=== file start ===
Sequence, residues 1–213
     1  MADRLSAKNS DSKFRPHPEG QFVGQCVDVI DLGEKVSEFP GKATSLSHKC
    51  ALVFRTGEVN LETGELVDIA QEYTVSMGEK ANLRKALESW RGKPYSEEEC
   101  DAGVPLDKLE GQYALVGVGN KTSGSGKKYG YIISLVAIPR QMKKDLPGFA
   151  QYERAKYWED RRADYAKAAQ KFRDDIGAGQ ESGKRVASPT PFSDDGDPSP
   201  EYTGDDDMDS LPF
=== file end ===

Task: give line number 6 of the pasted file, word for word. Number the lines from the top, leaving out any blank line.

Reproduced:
   201  EYTGDDDMDS LPF